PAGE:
PARIS, France, Tue Mar 8, 2011 (LifeSiteNews.com) – Scientists at Paris Descartes University have found that one-month-old babies remember music that was played to them in the third trimester of their mothers’ pregnancies.
Developmental psychobiologist Carolyn Granier-Deferre and her colleagues at the Department of Cognitive Neuropsychology played a descending piano melody twice daily during the 35th, 36th, and 37th weeks of gestation to the unborn children of 25 women. Twenty-five other women at the same stage of pregnancy were used as controls.
One month after birth, the descending melody and an ascending nine-note piano melody were played to both sets of babies while they were in quiet sleep, and the cardiac responses of the 25 exposed infants and 25 control infants were assessed.
The researchers reported that all infants displayed a significant heart rate change when they were exposed to the music.
However, the scientists observed that the heart rates of the 25 sleeping babies who had heard the notes before birth briefly slowed by about 12 beats a minute with the familiar descending melody.
The unfamiliar ascending nine-note piano melody played to the exposed infants resulted in a heart rate decrease of only five or six beats per minute.
The 25 control infants who had never heard either melody had the same five or six beats per minute heart rate decrease.
“In exposed infants, the descending melody evoked a cardiac deceleration that was twice larger than the decelerations elicited by the ascending melody and by both melodies in control infants,” Dr. Granier-Deferre reported.
The researchers concluded that three weeks of prenatal exposure to a specific melodic contour affects infants ‘auditory processing’ or perception, i.e., impacts the autonomic nervous system at least six weeks later, when infants are one month old.
“Our results extend the retention interval over which a prenatally acquired memory of a specific sound stream can be observed from 3–4 days to six weeks,” the scientists said, and observed that “long-term memory for the descending melody is interpreted in terms of enduring neurophysiological tuning and its significance for the developmental psychobiology of attention and perception, including early speech perception.”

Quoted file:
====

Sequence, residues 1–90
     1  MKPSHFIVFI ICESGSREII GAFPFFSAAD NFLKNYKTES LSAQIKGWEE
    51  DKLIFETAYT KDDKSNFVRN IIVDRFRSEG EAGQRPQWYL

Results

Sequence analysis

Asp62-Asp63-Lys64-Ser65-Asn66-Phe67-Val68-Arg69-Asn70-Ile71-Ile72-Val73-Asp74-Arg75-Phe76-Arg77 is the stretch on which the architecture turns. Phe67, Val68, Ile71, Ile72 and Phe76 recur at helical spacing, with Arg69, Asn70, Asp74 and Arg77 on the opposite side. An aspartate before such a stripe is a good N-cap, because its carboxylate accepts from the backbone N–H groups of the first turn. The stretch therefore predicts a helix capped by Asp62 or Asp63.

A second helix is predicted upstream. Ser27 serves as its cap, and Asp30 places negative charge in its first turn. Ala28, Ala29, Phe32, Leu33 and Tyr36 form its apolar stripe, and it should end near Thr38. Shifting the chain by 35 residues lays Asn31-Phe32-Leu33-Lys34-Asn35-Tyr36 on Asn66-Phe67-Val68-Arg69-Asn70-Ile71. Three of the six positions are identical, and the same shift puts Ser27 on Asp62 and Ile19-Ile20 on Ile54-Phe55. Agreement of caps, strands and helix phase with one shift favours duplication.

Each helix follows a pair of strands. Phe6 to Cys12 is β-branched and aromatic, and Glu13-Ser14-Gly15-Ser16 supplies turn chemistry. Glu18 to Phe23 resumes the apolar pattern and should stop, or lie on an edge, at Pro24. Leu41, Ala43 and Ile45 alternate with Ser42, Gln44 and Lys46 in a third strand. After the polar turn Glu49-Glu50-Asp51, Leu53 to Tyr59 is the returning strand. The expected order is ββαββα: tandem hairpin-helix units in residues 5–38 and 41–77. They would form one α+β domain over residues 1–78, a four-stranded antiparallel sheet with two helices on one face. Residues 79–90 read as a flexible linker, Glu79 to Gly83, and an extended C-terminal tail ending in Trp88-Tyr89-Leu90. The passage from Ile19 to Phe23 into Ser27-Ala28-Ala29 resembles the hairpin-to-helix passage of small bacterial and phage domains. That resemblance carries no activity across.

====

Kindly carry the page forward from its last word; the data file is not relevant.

Dr. Granier-Deferre told the UK Daily Mail that the results of her research “suggest newborns pay more attention to what may be their mother’s melodic sounds than they will to those of other women.
“They also will pay more attention to other similar sounds, like female voices in general, than they will to even less similar sounds, like male voices.”
Dr. Granier-Deferre added the findings do not necessarily mean pregnant women should play music to their developing children.
“When foetuses are old enough to hear fairly well, about four to five weeks before birth, they will be exposed to all the sounds of the maternal environment,” she said. “There is no biological need for more auditory stimulation – more is not always better, especially during development.”
However, a fascinating example of the effects of music on pre-born children is that of world famous Canadian conductor Boris Brott.
Dr. Thomas Verny, in his book, “The Secret Life of the Unborn Child,” relates that when Mr. Brott was asked when he developed an interest in music, he replied, “before birth.”
Mr. Brott recounted that while learning new music pieces, he was surprised to find he already knew certain pieces by heart, particularly the viola parts. His mother, a viola player, was surprised initially, until she realized they were pieces that she had practiced while pregnant with him.
Dr. Verny’s research into the life of the unborn child has also found that the child in the womb “can see, hear, experience, taste, and, on a primitive level, even learn in utero. Most profoundly, he can feel – not with an adult’s sophistication, but feel nonetheless.”
Another aspect of Dr. Verny’s research may contradict Dr. Granier-Deferre’s statement that newborns pay less attention to “sounds – like male voices.”
“A child hears his father’s voice in utero,” Dr. Verny states, “and there is solid evidence that hearing that voice makes a big emotional difference. In cases where a man talked to his child in utero using short soothing words, the newborn was able to pick out his father’s voice in a room even in the first hour or two of life. More than pick out, he responds to it emotionally. If he is crying, for instance, he’ll stop. That familiar, soothing sound tells him he is safe.”
The full text of Dr. Granier-Deferre’s research, titled, “A Melodic Contour Repeatedly Experienced by Human Near-Term Fetuses Elicits a Profound Cardiac Reaction One Month after Birth” was published in the February 23 online journal, PLoS ONE, and is available here.